Two years ago, on January 18th 2012, our website joined the SOPA strike to stop Internet censorship bills, SOPA and PIPA.
Today, on September 10th 2014, we are once again joining the battle for Net Neutrality. Don’t let the cable companies destroy the open Internet!
Cable companies want to slow down (and break!) your favorite sites, for profit. To fight back, let’s cover the web with symbolic “loading” icons, to remind everyone what an Internet without net neutrality would look like, and drive record numbers of emails and calls to lawmakers.
Are you in?
Whenever I come across a kickass track, I put it on replay and start analyzing the heck out of it. And Tube & Berger‘s latest release ‘Set It Off’ is one of those hard-to-let-go tracks. It is a solid deep house track. It really defines deep house, and the development of electro funk and house music. I just have to preoccupy my mind with it. And I love doing that.
I have little knowledge about Juliet Sikora and her role in this track, but I recall her as a line-up DJ, and less of a producer. Her SoundCloud page has a bunch of collaborative tracks and a few DJ sets, but her skills as a producer has been a bit unknown to me. Well, till I heard ‘Set It Off’, which is a collaboration with the German duo Tube & Berger (Arndt Roerig and Marko Vidovic). They seem to have worked together on several other tracks. ‘Set It Off’ was released in late December 2013 on Kittball Records and has been rocking the deep house list on Beatport ever since. Continue reading →
Ikutaro Kakehashi was born in Osaka, Japan on February 7, 1930. The name might not ring a bell to most of you reading this blog post. But this man is the founder of the Roland Corporation, that brought us the first touch-sensitive electronic piano (Roland EP-30) in the world and the space echo machine (Roland RE-201). His company was one of the first to utilize a microprocessor in a digital sequencer (Roland MC-8), as well as the first to introduce MIDI in a drum machine (TR-909) which used digital sample playback along with analogue sound synthesis. Not to forget that the drum kits in the Roland TR-909 are still being used in studio productions around the world. Most musicians have interacted with some kind of Roland gear over the years.
There is a wide range of musical equipment that Roland has developed and shipped to musicians around the globe. Some of these instruments have been seen in my personal collection over the years, going back to the E-20 Synthesizer in the late 1980’s followed by the RC-7 MIDI module, MC303 Groovebox, (BOSS) SP303 Dr. Sampler, Roland SH-32 Synthesizer, Roland D2 Groovebox and a few other that I cannot recall at the moment. Thank you very much for your hard work, Roland!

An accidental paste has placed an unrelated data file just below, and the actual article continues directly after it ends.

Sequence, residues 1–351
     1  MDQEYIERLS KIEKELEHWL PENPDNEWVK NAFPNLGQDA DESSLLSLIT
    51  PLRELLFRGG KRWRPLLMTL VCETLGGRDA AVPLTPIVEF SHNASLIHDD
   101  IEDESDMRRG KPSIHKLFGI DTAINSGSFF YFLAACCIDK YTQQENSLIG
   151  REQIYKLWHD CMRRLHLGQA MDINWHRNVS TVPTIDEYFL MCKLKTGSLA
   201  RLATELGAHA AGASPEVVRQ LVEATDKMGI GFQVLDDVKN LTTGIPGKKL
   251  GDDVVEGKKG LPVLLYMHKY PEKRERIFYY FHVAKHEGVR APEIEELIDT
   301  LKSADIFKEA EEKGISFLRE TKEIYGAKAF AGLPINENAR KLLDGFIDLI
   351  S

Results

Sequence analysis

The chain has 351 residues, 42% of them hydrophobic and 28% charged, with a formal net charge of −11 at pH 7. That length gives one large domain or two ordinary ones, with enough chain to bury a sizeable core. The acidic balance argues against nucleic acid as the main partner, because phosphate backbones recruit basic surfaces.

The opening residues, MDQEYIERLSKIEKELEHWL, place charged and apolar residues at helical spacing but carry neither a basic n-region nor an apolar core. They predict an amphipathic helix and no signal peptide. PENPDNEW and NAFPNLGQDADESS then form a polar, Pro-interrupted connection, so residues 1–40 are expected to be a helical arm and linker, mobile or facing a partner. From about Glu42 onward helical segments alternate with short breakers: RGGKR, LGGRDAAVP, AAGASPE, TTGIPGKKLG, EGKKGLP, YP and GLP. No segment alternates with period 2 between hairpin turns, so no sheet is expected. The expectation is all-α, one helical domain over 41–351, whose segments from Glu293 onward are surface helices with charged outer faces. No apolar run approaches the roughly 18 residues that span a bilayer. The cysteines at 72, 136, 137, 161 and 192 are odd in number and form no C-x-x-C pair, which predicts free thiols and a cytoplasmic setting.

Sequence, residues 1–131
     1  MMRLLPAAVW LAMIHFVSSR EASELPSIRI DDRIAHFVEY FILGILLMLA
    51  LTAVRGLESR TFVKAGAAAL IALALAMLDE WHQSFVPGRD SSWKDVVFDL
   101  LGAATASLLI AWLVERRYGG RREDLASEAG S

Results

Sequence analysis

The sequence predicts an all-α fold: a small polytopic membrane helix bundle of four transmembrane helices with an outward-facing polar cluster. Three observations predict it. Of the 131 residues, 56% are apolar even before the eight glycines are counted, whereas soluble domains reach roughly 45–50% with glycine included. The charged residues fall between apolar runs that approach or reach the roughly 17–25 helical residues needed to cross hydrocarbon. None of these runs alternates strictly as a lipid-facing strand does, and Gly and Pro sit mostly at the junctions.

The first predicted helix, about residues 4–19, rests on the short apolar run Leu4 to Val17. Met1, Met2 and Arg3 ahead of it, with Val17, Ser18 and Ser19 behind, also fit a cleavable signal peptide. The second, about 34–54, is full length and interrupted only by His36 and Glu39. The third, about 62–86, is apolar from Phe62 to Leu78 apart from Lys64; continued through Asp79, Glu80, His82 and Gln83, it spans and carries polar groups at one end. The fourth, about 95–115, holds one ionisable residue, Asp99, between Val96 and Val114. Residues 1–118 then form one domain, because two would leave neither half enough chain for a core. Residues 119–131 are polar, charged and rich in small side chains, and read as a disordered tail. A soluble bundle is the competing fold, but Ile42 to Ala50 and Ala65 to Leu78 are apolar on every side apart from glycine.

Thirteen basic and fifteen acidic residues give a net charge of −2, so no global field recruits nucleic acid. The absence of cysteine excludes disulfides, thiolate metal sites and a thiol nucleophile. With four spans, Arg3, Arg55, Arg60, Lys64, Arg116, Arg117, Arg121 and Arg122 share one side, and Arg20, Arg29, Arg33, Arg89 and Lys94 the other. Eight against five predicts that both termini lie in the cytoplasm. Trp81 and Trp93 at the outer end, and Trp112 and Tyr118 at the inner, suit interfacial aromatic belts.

Blue Microphones truly make good consumer products. Blue Tiki is a microphone especially designed for users who do not want to bother with troublesome microphones, pop filter, and acoustic dampers just to make simple recordings with reasonable quality, such as for podcasting and VoIP through Skype. Just plug it in the USB drive. and you’re good to go.
What makes the Blue Tiki interesting is that it has two different modes. Intelligent Speech mode, focusing on the user’s voice which uses different techniques to minimize distracting background sounds such as fan noise and keyboard clicks from your computer. Natural Recording mode puts the microphone in the standard mode that records everything that is perceived by the microphone.
This year’s trend at NAMM was undoubtedly the iPad. In fact, most companies had either incorporated and adapted the functionality of the tablet device with their existing products, or found other innovative ways to make use of it. For instance, SyncKontrol for iOS (iPad & iPhone) which allows tempo control to Korg Monotribe and synchronization through WIST (Wireless Sync-Start Technology) to iElectribe for iPad. Alesis, on the other hand, continue making way for themselves by expanding their selection of iPad docks with two new models:
DM Dock and AmpDock, which are supposed to be used by drummers and guitarists.
The idea behind the original IO DOCK from Alesis is simple and inventive. Plug your iPhone into a hardware station, and it gives you all the connections that you would find on your musical instruments and devices. I am talking about MIDI, audio in and out, and microphone connections.
The new docking stations, however, differ in several ways from the original. First, they are made with purpose of only doing one thing. Second, the docking stations are now more robust and have a really good sturdy feeling to them.
AmpDock is a guitar pedal that utilizes iPad’s processor for creating powerful effects. It works with any audio applications and supports Core MIDI. The docking station comes with a pedal controller that allow the user to control effects, programs, volume and on/off. The docking station has six quick knobs that can adjust various effect parameters. And for all drummers that make use of digital drums comes the DM Dock with the big touchscreen of the iPad for easy visual control. It has 13 built-in inputs for triggering, and it is possible to transform an iPad as a main device for the drums. In addition to connections for MIDI (both input and output), there is also an audio input for external signal mixing.